(4) L. Cárdenas et al. 10N. 0N. 10S 1. Permanent upwelling. Peruvian Province. 3 4. 20S 5 6. Seasonal upwelling. 7. 30S. 8 9. Intermediate Area. 10. 40S. 11. Fjords systems. Cape Horn Current Humboldt Current System. 2. 80W. Magellanic Province. 12 13. 50S. 14. 70W. 60W. 50W. 40W. of each individual and was stored in 95% ethanol before DNA extraction. Total DNA was extracted using the Nucleospin Tissue Kit according to the manufacturer’s protocol (Macherey-Nagel, Düren, Germany). To amplify the COI gene, we used the universal primers defined by Folmer et al. (1994). A detailed methodology of polymerase chain reaction and sequencing conditions can be found in Jolly et al. (2006). Sequences were edited using proseq ver. 2.9 beta (Filatov, 2002) and aligned with ClustalX (Thompson et al., 1997). The sequences have been deposited in the GenBank database under accession numbers EU517122–EU517458. Data analyses. Diversity indices From the 658-bp COI sequences, standard diversity indices such as the number of mitochondrial haplotypes (Nhap), number of segregating sites (S), haplotype diversity (He), mean number of pairwise differences (p1), as well as nucleotide diversity (p2) were estimated for each population and biogeographical province using arlequin ver. 3.11 (Excoffier et al., 2005). Differences in genetic diversity indices between the three biogeographical provinces were tested using a Kruskal– Wallis ANOVA by rank tests in the statistica ver. 6.0 package 972. Figure 1 Map of the south-eastern Pacific Ocean showing the collection sites examined in this study. The present-day distribution of Concholepas concholepas is shown as wavy lines. The broken lines separate the biogeographical provinces along the Peru–Chilean coast: Peruvian Province, Intermediate Area and Magellanic Province. The code for each sampling population refers to the numbers in Table 1. Main oceanographic characteristics of this area are also described.. (StatSoft Inc., Tulsa, OK, USA). To compare the genetic diversity between localities, we plotted the distribution of shared (Hs) and private (Hu) haplotypes as compared with the total number of haplotypes (Ht) in each population. The detail of this analysis is available in Fig. S1.. Genetic structure Conventional population genetics methods were used to describe the overall genetic structure between populations. To test for the hypothesis of genetic breaks in C. concholepas coincident with the recognized biogeographical boundaries in the SEP, we performed an FST-based hierarchical analysis of molecular variance (AMOVA; Excoffier et al., 1992) using arlequin. The genetic differentiation was investigated using a hierarchical analysis of the genetic variance by partitioning an estimator of FST into two components, FSC and FCT, indicating the genetic differentiation of samples within and between regions, respectively. Molecular information, the number of differences between haplotypes, was taken into account when performing the AMOVA analysis. Populations from each biogeographical province were grouped: PP (n = 7), IA (n = 4) and MP (n = 3). Tests of significance of FST, FSC and FCT estimators’ values were computed by a nonparametric permutational procedure. An isolation-by-distance model was used to test the hypothesis of a step-by-step dispersal of. Journal of Biogeography 36, 969–981 ª 2009 The Authors. Journal compilation ª 2009 Blackwell Publishing Ltd.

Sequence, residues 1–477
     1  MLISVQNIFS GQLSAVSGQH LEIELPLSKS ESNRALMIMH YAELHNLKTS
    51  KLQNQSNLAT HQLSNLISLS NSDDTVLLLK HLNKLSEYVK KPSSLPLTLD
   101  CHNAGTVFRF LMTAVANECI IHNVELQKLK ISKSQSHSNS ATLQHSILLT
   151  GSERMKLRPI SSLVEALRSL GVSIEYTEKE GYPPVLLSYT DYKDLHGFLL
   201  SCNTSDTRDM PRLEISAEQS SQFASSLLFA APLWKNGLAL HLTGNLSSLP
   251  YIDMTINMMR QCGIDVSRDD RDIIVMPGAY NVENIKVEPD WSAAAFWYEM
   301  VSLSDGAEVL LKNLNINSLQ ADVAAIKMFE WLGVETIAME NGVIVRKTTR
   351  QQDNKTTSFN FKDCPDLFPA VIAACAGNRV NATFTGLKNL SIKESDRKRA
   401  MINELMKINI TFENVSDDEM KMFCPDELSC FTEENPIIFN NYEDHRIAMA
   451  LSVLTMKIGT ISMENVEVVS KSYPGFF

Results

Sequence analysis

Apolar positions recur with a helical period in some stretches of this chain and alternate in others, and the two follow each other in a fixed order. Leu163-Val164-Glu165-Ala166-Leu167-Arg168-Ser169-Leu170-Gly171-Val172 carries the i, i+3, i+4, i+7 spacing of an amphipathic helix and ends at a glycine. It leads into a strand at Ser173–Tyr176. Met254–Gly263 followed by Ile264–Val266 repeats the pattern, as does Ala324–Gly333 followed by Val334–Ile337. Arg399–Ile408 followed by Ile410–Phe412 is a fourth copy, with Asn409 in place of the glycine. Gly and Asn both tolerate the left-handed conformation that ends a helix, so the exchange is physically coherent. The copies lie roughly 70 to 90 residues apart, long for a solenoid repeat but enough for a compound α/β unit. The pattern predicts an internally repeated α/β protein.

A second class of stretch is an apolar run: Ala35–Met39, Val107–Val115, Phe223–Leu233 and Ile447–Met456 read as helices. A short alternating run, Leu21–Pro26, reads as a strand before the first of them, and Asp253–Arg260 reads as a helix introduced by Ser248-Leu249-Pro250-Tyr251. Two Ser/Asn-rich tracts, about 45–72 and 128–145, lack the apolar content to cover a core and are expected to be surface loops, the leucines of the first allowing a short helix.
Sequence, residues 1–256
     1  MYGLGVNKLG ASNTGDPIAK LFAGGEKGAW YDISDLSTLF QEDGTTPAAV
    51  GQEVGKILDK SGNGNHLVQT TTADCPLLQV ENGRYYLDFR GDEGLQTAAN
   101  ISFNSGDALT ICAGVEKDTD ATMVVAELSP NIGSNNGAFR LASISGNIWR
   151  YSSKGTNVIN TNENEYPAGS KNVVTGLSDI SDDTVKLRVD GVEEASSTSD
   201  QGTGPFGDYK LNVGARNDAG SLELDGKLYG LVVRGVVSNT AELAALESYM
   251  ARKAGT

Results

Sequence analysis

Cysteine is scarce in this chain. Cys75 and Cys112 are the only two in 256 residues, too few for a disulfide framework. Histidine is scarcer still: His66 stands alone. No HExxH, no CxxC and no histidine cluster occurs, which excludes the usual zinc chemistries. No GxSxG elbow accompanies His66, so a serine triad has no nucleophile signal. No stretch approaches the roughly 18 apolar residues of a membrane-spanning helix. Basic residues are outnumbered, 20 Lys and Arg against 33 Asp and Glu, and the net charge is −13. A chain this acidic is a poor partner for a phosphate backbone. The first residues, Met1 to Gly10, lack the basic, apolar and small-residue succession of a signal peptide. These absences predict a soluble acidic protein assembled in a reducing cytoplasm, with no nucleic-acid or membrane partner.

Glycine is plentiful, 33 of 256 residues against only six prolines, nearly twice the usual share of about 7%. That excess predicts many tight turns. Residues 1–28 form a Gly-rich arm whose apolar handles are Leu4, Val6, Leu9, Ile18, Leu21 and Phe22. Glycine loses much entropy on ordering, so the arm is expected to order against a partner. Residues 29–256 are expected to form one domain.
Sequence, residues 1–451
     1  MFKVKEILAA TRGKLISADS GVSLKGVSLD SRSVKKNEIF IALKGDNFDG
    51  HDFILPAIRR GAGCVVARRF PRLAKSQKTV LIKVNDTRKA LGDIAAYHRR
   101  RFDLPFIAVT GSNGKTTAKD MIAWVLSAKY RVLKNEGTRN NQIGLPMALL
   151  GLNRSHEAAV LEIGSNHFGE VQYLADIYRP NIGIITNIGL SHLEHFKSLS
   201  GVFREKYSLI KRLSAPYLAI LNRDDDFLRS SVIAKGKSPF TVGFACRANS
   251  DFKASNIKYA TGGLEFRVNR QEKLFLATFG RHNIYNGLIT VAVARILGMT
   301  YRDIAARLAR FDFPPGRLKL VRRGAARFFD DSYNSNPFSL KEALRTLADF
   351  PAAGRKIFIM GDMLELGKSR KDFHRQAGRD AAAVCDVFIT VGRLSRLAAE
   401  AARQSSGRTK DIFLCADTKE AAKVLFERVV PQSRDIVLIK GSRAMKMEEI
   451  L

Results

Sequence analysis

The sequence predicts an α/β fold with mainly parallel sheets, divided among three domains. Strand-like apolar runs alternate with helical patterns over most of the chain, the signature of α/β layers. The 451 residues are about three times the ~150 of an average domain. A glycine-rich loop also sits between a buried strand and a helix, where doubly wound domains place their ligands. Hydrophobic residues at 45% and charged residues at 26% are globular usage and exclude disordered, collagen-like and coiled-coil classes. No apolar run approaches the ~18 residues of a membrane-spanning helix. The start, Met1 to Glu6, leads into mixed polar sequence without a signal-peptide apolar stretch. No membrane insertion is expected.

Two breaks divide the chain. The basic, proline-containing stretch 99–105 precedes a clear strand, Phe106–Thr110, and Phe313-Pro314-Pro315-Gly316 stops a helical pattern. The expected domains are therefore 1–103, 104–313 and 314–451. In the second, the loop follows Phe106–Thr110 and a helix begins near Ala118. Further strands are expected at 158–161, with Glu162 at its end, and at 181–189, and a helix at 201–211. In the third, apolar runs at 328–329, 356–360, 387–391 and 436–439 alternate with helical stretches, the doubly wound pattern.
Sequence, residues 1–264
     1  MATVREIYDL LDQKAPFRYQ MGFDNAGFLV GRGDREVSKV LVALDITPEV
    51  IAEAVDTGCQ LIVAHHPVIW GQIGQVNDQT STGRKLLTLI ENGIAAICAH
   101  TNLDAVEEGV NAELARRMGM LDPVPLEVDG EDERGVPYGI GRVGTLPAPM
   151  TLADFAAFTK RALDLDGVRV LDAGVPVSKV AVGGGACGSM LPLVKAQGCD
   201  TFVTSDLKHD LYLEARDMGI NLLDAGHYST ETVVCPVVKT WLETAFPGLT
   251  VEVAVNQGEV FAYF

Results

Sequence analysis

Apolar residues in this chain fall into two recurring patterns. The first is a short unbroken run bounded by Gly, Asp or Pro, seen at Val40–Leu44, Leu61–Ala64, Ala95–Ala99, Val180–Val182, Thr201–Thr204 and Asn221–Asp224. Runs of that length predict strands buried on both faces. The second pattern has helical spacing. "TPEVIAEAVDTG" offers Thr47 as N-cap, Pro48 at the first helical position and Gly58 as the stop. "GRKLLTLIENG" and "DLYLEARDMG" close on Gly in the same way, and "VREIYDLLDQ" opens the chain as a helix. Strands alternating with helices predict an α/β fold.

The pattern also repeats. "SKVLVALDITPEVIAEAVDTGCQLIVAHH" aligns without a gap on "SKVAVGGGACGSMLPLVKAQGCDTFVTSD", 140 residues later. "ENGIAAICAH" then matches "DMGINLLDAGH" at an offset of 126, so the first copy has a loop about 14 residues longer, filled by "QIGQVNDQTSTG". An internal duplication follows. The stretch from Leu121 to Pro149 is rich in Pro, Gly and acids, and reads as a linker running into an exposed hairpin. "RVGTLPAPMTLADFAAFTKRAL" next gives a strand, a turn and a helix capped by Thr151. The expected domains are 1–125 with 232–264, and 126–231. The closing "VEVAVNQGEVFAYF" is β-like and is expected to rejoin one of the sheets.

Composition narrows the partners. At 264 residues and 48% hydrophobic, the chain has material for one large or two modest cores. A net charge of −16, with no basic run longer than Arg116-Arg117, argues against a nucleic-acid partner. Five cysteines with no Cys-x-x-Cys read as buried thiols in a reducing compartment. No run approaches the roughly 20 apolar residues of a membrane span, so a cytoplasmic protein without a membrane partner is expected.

(5) Phylogeography of Concholepas concholepas C. concholepas along the coastline. Geographical distances were determined in kilometres from the latitudinal and longitudinal coordinates using Haversine geodesic distances (Sinnott, 1984). Correlation between matrices of pairwise geographical and genetic distances was estimated using Mantel tests as implemented in arlequin.. Gene lineages and demographic analyses The genealogical relationships among haplotypes were assessed with a haplotype network constructed using a median-joining algorithm as implemented in the software network 4.201 (Bandelt et al., 1999). We applied a maximum parsimony algorithm to simplify the complex branching pattern and to represent all the most parsimonious intraspecific phylogenies (Polzin & Daneschmand, 2003). We carried out a series of analyses to test for the hypothesis of a rapid expansion and to estimate the population growth rate and time since expansion. First, we calculated Tajima D (Tajima, 1989) and Fs (Fu, 1997) statistics to test for deviations from a neutral Wright–Fisher model consistent with a population expansion under neutrality hypothesis. Second, to further characterize expansion, the program arlequin was used to estimate s (2 lt, where t = time in generations and l = mutation rate/generation), the time since demographic expansion, as well as initial and final h, under a model of sudden demographic expansion (Schneider & Excoffier, 1999). A generalized least-squares approach was used for parameter fitting to the pairwise mismatch distribution. Validity of the sudden expansion model was assessed using parametric bootstrap coalescent simulations, that is, a goodness-of-fit test based on the proportion of bootstrap replicates in which the sum-of-squared deviations (SSD) for the simulated data sets equalled or exceeded the observed SSD. The s parameter is an estimate of time after expansion in mutational units. If the divergence rate per nucleotide and year (s = 2 l, where l is the substitution rate per lineage) and the number of nucleotides of the fragment analysed (l) are known, it is possible to calculate the age when the expansion occurred using the expression s = llt, modified from Harpending et al. (1993). Third, a generalized skyline plot was used to picture the historical demographic changes in C. concholepas. This skyline plot provides a graphical nonparametric estimate of effective population size, particularly useful with partially resolved phylogenies and data sets, which contain identical sequences (Strimmer & Pybus, 2001). The first step of this analysis is to generate a phylogenetic tree with branch lengths proportional to time. modeltest 3.6 (Posada & Crandall, 1998) showed that the simplest and best model for molecular evolution was a TVM+I model. Unweighted pair group method with arithmetic mean (UPGMA) trees were estimated in paup* software (Swofford, 2002). Next, the skyline plot was generated in genie 3.0 (Pybus & Rambaut, 2002), in which the trees were subjected to a smoothing algorithm. The e parameter governing this algorithm was chosen using a corrected Akaike information criterion. Based on a maximum likelihood. approach, genie allows testing for the best model to describe the demographic history of the species studied. The best model here was an expansion growth model described in the following equation: N(t) = N(o) [a + (1 ) a) e)rt], where N(o) corresponds to the present-day population size, r to the exponential growth rate, and a to the population size at t = ¥ as a proportion of N(o). The parameters of this model were obtained using maximum likelihood estimation (Pybus et al., 2000). The last step involved dating the estimated demographic expansion: we converted the trees into a time scale using a substitution rate for COI sequences in C. concholepas. To round up the analyses and to interpret the graphs constructed with genie, a mutation rate (l) estimate is needed. To get l for COI in C. concholepas, we first used a phylogenetic approach (see Fig. S2). RESULTS Mitochondrial DNA diversity across populations and latitude We analysed a 658-bp fragment of the COI gene for a total of 337 individuals from 14 localities along the Chilean and Peruvian coasts. Over the whole data set, we identified 155 polymorphic sites leading to the definition of 179 haplotypes (Table 1). One haplotype (H4) was found in every population and occurred frequently (32%) over the total data set. Except for H4, 30 haplotypes were shared by at least two localities. These shared haplotypes represented 23% of the total number of individuals. Finally, 148 were private (unique to a single population), most of them being singleton haplotypes. The genetic diversity was large in every location and region (Table 1; e.g. mean gene diversity per population, He = 0.89). At the regional level, there was an apparent decrease in the total number of haplotypes from north to south, with 113 haplotypes for PP, 71 for IA and 48 for MP (Table 1). However, this was mainly due to sample size differences at the biogeographical region level. The other genetic diversity indices were not statistically different among regions (He, p1 and p2, all P > 0.5). This is also true at the population level, with no significant relationship between any of the genetic diversity indices (He, p1 and p2,) and the latitude (R2 = 0.03, 0.02, 0.26, respectively, all P > 0.1). However, the genetic diversity indices used above are strongly influenced by the large frequency of H4, the most common haplotype. Interestingly, the analysis of the latitudinal variation of Hu/Ht and Hs/ Ht showed a pattern more consistent with a regional effect, an increase of Hu/Ht towards the south while the inverse pattern occurred with Hs/Ht (for details see Fig. S1). Geographical structure The AMOVA did not reveal any regional genetic concordance with the biogeographical regions described along the 4200 km of coastline analysed. The AMOVA revealed a non-significant level of genetic structure among regions (FCT = 0.000,. Journal of Biogeography 36, 969–981 ª 2009 The Authors. Journal compilation ª 2009 Blackwell Publishing Ltd. 973.